Amid the migrant crisis … the conflict between Turkey and Greece moves to social media

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ATHENS / ANKARA (Reuters) – Greeks and Turks are waging a proxy war on social media with photos, clips and comments designed to show that the other side is behaving poorly in a migrant crisis that has severely deteriorated the already strained relations between Athens and Ankara.

Migrants from the Middle East, Afghanistan, Pakistan and other regions, estimated to number 35,000, are trying to enter Greece, a member of the European Union since Ankara said on February 28 that it would not keep migrants on its territory anymore as required of it under a 2016 agreement with the European Union In exchange for aid.

Greece used tear gas and water cannons to repel them.

(Greece under attack) and (Greece defending Europe) became popularly used on Greek accounts on Twitter. Turkish Foreign Minister Mevlüt Çavuşo أوlu used the poison (Greece attacking refugees).

A video circulated on Monday showed a tractor apparently spraying liquid towards the border fence, to flood the hundreds of migrants gathered on the Turkish side.

Some Greek social media users speculated that he was a farmer who sprayed pig urine at the border. Turkish social media users said the clip showed that the police and farmers were using chemical weapons and had established an electronic link to the United Nations.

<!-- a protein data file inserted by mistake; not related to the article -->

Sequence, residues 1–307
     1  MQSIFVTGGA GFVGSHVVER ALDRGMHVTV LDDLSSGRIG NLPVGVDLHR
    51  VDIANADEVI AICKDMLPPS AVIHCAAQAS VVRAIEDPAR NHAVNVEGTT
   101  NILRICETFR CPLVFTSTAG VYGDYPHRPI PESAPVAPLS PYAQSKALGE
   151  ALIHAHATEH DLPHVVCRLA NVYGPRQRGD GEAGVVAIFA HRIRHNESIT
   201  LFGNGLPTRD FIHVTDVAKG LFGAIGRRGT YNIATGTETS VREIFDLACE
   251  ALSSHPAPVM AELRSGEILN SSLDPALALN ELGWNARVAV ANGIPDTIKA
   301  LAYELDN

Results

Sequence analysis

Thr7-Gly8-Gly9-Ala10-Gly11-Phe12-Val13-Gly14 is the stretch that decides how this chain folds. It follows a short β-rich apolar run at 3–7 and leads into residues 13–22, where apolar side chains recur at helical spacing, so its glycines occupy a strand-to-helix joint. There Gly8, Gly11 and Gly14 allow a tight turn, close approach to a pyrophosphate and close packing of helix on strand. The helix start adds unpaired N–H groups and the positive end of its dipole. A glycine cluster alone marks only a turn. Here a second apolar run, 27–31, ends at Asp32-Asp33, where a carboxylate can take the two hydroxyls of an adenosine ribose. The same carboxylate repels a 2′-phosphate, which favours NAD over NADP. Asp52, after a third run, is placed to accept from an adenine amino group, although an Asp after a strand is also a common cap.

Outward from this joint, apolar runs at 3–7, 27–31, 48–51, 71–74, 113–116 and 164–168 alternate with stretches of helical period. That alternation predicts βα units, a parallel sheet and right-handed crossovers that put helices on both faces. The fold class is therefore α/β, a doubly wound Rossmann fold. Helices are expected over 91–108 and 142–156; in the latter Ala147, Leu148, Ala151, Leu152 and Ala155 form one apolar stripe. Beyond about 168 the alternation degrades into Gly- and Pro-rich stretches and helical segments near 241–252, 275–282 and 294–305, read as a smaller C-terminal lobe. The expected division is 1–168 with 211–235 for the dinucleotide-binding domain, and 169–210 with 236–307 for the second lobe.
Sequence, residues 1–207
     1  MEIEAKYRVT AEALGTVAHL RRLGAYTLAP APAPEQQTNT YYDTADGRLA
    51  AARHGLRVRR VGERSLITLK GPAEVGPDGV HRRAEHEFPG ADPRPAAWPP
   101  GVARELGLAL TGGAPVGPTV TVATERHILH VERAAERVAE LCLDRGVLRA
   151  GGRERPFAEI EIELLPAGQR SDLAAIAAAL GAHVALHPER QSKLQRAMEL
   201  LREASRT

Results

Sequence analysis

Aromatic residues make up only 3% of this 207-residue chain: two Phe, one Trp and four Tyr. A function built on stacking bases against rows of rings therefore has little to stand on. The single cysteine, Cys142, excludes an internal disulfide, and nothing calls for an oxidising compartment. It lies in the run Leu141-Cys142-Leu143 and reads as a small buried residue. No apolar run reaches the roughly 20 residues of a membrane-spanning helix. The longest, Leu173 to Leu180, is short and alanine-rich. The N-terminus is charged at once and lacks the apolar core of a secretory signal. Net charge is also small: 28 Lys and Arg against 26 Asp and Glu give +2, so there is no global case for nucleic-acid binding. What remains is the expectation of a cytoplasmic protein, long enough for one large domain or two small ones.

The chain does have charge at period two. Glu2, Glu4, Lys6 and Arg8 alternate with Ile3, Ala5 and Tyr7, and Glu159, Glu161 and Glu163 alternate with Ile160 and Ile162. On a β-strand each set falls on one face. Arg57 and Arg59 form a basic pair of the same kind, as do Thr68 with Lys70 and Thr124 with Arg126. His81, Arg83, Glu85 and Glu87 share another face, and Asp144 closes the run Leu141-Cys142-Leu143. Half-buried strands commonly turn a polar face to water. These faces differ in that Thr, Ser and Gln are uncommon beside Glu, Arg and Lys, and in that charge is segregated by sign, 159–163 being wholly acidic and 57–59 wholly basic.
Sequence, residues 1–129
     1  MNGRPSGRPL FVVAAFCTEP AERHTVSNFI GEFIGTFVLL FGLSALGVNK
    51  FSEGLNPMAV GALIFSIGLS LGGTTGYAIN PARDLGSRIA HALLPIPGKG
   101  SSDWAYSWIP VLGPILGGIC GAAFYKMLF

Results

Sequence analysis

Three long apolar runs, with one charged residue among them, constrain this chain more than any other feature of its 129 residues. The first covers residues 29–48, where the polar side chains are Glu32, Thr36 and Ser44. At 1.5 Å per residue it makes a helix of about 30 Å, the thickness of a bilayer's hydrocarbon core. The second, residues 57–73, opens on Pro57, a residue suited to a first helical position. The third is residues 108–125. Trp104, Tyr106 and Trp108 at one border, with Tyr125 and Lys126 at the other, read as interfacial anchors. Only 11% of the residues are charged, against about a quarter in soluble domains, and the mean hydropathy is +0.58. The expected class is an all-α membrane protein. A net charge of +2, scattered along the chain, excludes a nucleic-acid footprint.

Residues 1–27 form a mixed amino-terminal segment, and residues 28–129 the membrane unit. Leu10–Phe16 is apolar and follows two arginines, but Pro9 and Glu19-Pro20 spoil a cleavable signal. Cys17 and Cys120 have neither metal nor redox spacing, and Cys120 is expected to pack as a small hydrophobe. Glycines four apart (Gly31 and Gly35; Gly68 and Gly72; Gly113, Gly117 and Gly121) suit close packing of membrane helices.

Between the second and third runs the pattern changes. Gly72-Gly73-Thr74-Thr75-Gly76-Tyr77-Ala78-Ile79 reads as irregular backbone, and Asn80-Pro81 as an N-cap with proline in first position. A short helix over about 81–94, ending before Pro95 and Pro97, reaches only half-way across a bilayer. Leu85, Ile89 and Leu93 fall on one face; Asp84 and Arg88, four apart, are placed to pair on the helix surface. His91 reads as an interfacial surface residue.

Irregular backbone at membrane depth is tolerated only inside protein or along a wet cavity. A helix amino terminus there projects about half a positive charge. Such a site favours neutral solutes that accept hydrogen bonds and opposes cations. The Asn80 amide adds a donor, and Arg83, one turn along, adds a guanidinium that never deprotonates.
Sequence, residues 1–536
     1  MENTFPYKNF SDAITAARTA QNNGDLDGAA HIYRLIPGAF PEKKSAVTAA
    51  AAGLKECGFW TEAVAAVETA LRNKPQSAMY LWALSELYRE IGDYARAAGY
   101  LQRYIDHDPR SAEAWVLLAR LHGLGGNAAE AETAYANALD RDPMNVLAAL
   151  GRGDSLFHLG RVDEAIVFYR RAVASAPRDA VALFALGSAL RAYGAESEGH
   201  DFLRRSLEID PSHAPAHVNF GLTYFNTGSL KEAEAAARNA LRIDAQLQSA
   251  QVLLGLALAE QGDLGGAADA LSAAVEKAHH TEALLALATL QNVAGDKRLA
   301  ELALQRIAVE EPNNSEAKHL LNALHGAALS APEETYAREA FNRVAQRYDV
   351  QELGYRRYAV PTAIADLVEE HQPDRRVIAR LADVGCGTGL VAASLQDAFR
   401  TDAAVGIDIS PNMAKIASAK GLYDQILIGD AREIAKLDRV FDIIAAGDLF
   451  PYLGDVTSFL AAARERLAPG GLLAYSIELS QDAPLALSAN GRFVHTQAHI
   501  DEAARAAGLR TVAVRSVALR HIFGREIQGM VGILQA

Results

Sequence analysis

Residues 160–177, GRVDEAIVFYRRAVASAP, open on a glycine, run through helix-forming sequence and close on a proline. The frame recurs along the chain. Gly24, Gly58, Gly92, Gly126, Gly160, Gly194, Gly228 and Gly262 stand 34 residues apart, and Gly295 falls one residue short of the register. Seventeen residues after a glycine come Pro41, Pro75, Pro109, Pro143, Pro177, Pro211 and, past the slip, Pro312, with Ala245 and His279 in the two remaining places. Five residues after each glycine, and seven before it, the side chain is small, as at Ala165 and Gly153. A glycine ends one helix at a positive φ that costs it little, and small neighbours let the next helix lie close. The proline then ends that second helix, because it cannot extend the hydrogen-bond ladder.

This heated debate on the Internet is based on a long history of conflict between Turkey and Greece, which are still at odds over issues such as Cypriots and gas exploration in the eastern Mediterranean alongside migrants.

Turkey, which hosts 3.6 million Syrian refugees, says the European Union has not kept its promises to help. Brussels and Athens accuse Ankara of urging migrants to break into the borders in an attempt to “blackmail” Europe to give more money and to support its geopolitical goals in the Syrian conflict.

Pictures showed that Reuters could not verify the authenticity of migrants who were forced to undress except for their underwear after being arrested on the Greek side of the border and then sent back. Other photos show Turkish forces reportedly trying to dismantle parts of the border fence to make it easier for migrants to cross.

Turkey says Greek forces fire live bullets, killing four migrants last week, which Athens denies.

One of the Turkish commentators pointed out that Greece is “full of Coronavirus, unlike Turkey” and recommends “never visit Greece”, although Erdogan encourages migrants to go there.

Greece has recorded 73 confirmed cases of the virus but without deaths, which is relatively few for Europe. Turkey has not confirmed any cases so far.

Doaa Mohamed’s preparation for the Arab newsletter – edited by Lilian Wagdy





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